Last month we discussed how most companies allocate every dollar they spend…except Profit.   We then discussed the differences in “accounting” net profit and “real” net profit from a cash flow perspective.  As a reminder, cash flow deals with the real dollars that flow in and out of the company.  From an accounting perspective, last month the company made a $21,000 net profit.  However, cash flowed out of the company in four other areas that were NOT accounted for from the accounting perspective.  When those areas were considered, the company’s “real” adjusted net profit was reduced to $13,021.  Those four unaccounted for areas were:

  • Equipment Replacement
  • Debt
  • Loan
  • Hill & Valley Account


If you would like to review last month’s article before proceeding, click on Part 1.

So, now we know the “real” profit for the previous month was $13,021.  If you have finished high school, chances are you have heard the term “All of nature abhors a vacuum.”  Simply stated, if there is empty space or a period of time that is unscheduled, it will tend to be filled with something.  It’s kind of that way with net profit.  Any profit left in the company’s operating account tends to disappear!  To keep that from happening, we need to determine ahead of time how any net profit generated, from a cash flow perspective, will be spent.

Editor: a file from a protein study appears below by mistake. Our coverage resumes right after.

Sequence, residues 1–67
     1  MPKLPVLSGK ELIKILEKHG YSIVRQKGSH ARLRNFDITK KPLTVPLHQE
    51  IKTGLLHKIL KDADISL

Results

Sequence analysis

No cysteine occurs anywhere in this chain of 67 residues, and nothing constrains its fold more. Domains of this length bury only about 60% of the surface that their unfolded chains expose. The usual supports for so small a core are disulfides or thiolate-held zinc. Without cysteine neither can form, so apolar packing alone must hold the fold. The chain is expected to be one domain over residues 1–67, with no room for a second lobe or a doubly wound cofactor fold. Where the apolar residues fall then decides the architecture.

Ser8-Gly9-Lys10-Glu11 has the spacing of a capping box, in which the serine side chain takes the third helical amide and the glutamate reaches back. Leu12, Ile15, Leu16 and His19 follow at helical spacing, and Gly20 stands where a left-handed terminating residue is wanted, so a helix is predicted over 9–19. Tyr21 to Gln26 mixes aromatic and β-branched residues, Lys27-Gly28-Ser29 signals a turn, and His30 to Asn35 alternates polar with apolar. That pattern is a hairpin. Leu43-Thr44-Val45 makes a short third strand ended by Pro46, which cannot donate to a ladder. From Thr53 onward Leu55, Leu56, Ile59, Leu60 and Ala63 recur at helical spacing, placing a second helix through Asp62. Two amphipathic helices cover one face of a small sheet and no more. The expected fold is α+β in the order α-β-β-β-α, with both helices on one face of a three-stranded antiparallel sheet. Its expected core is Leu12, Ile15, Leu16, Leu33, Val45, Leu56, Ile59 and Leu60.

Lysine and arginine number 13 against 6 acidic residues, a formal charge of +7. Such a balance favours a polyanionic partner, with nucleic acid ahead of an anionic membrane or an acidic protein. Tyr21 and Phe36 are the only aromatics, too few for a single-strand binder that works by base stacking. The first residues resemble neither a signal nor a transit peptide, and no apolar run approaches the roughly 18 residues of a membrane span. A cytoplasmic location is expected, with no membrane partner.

Net profit needs to be allocated in four (4) areas:

  • Profit Sharing
  • Debt Reduction
  • Hill & Valley Account
  • Money Left in Operating Account


Let’s review each area. 

Profit Sharing (5%)

Chances are the company made a net profit because of the team.  The team is made up of all employees from the owner to the parts runner.  All worked hard to help the company make a profit therefore, all should share in the profits when the company makes money.

Typically, the company will want to take 5% of the net profit and share it will all employees.  The company not only needs to pre-determine how the overall net profit will be spent ahead of time but it likewise needs to determine how the profit sharing will be allocated ahead of time as well.  Below is an example.


Allocations can literally be based on any criteria you wish from income earned to years with the company. How you allocate the profit sharing is up to you.  The important thing to note is that the percentages are determined before the profit is earned.


Debt Reduction (40%)

Debt is a ticking bomb.  When all is well and the company is growing, debt is seldom thought of.  However, there is a good chance that at least some reading this article lived through 2008-2009 when the world, from an economic standpoint, came crashing down.  Those with low overhead and little debt made it through, others did not.  Being totally out of debt should be every company owner’s goal.  The sooner the company becomes debt free the better the owner will sleep.  When it comes to telling our net profit how it will be spent, 40% of it should be used directly for debt reduction.